5 out of 5 stars
Cut to the Chase:
A novel within a novel with little stories nested in between, this is an intricately woven tale about two sisters’ loves and lives, spanning over six decades. There are three distinct sections to this novel: a series of flashbacks by an octogenarian who initially claims she’s unsure who she is or why she’s cataloguing all of this, a series of local newspaper articles detailing the social events, political ambitions, and deaths of some of the more prominent characters, and a novel (also titled The Blind Assassin) that switches between detailing a love affair between a wanted man and a socialite and a fantastical science fiction story about an ancient destroyed world where virgins are still sacrificed and the woven blankets are measured by how many children lost their sight weaving them. If I had to be picky, I would say that yes, some of the twists are a little predictable, but overall, this is, in my opinion, Atwood at her best — it’s thoroughly well-written, crafted, thoughtful, provocative, and masterful. Rereading it now, almost a decade later, it is still my favorite work by her.
Our two main protagonists are Laura Chase and Iris Chase Griffen, the wealthy daughters of Captain Chase, an alcoholic war veteran who runs a button factory more by moral principles than economic realities. They’re more or less raised by a loyal servant named Reenie after their mother passes away (complications from childbirth), with their father slowly running the business into the ground, and neither of them really trained for life outside of their sprawling estate. Though the tone with which they interact with one another is often quite pitiless, these are both strong, engaging characters, struggling to make sense of the world around them.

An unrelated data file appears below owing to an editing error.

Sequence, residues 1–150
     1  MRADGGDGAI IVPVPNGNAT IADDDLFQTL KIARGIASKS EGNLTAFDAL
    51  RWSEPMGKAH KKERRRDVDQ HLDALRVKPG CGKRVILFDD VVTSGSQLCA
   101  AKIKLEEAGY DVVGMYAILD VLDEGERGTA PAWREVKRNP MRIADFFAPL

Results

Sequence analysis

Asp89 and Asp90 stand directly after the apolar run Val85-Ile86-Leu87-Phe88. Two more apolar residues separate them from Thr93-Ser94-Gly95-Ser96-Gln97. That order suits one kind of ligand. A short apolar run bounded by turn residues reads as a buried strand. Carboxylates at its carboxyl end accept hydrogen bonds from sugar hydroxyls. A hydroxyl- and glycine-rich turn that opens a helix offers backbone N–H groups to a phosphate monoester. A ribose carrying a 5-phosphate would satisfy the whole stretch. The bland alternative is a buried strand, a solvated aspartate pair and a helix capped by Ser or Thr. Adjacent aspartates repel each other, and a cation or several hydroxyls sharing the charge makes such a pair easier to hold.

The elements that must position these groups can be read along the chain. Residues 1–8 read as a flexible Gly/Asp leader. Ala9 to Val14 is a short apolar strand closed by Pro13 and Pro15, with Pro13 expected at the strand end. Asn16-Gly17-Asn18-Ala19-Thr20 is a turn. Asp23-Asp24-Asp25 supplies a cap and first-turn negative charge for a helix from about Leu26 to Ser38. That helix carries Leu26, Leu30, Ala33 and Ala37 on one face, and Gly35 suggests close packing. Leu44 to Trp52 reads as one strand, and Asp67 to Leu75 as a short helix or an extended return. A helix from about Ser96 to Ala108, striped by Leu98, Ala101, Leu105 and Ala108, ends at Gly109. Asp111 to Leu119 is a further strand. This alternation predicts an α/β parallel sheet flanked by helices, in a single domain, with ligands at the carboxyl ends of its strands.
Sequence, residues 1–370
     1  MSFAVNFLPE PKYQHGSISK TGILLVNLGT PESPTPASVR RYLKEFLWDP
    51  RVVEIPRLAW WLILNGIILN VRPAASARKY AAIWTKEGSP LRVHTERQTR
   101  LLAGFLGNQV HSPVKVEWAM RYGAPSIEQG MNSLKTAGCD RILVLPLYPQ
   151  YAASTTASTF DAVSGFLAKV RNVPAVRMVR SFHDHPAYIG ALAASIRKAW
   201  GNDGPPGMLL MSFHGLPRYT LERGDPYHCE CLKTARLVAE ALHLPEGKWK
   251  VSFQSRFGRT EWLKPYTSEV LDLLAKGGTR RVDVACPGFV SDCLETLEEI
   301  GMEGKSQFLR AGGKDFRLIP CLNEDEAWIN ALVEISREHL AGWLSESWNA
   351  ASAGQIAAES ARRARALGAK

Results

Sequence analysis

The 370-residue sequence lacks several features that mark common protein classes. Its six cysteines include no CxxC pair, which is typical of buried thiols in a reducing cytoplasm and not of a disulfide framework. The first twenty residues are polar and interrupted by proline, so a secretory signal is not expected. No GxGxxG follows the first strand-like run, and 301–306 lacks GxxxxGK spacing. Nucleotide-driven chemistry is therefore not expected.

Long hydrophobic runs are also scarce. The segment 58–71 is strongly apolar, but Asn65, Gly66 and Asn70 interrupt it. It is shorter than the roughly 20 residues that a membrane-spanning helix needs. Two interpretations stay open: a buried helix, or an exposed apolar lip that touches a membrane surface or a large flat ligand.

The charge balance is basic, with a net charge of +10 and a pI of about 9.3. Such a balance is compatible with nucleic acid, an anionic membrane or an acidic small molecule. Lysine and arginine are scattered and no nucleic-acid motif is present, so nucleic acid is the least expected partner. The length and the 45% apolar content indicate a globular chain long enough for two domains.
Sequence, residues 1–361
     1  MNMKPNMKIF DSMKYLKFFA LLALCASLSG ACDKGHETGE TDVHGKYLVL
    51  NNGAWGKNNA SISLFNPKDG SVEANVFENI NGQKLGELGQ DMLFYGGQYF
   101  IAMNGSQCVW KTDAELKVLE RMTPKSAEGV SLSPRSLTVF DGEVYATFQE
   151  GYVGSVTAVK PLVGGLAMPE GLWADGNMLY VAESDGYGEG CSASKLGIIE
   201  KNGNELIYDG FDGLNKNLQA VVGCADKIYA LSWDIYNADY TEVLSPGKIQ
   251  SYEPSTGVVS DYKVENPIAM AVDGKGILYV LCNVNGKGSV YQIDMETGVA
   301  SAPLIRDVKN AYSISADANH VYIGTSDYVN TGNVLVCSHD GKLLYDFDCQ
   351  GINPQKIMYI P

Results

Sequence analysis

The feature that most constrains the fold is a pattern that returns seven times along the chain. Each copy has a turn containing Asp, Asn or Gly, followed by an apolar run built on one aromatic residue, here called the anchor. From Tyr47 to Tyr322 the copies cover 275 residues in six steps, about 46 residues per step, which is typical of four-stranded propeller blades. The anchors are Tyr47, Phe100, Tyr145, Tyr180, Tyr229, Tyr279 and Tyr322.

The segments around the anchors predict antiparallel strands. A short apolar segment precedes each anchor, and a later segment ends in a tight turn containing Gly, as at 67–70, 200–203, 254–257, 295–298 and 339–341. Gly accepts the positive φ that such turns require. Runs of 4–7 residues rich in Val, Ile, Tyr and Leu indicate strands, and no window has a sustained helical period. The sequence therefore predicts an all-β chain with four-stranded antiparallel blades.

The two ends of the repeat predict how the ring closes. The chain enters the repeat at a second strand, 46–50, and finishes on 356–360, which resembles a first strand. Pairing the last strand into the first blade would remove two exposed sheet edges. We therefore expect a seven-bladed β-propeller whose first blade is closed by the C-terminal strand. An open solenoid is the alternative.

We begin with Laura’s death: though it is officially ruled an accident, witnesses say she drives off the cliff on purpose, and one of the leading threads of the story is for us to find out how we got to such a pivotal point. We learn that Iris had a novel by Laura published posthumously, and that this book ended up being quite scandalous (for the time period). Detailing an illicit love affair between a socialite and a science fiction pulp writer, it’s something that her sister Iris notes (in the present) would hardly turn heads now, but at the time, was racy and divisive enough to inspire hate mail and censorship, as well as memorial awards decades later. Further, the book had personal ramifications for the characters in sometimes surprising ways, triggering a suicide and other reveals.
Some of the parts with Iris in the present feel a little slower relative to the pacing and urgency with which the characters interact in the novel-within-a-novel setting, but overall, it’s nicely juxtaposed throughout, and though these are women who have survived a series of tragedies, sometimes by judging themselves and others quite mercilessly, you feel for them both — the way they’ve purposefully and accidentally influenced, loved, protected and hurt each other, sometimes with the best of intentions, sometimes with no awareness whatsoever.
I read and loved it a decade ago, when it first came out, and though I’ve since read almost everything (from poetry to her novels) by Atwood, this remains my favorite — its plot feels the most ambitious, and the relationships and characters detailed, sharp and unforgettable.
Comparisons to Other Books and Authors:
ne of the things I’ve loved about both Atwood and Kurt Vonnegut is that they tend to tread and blend the lines between science fiction and what’s more traditionally considered literary fiction. The novel-in-a-novel part of this are the free-form, grammar-be-damned styles that Vonngeut, or perhaps Junot Diaz in The Brief Wondrous Life of Oscar Wao, might use. This has been balanced wonderfully by the more lethargic present-time ruminations, and the generational tension and stories mired in decades of familial history is similar to Empire Falls by Richard Russo. I still think it’s Atwood’s most successfully ambitious and balanced work, with protagonists more deserving of empathy than our lead in Alias Grace and technically far more well crafted than Atwood’s The Handmaid’s Tale.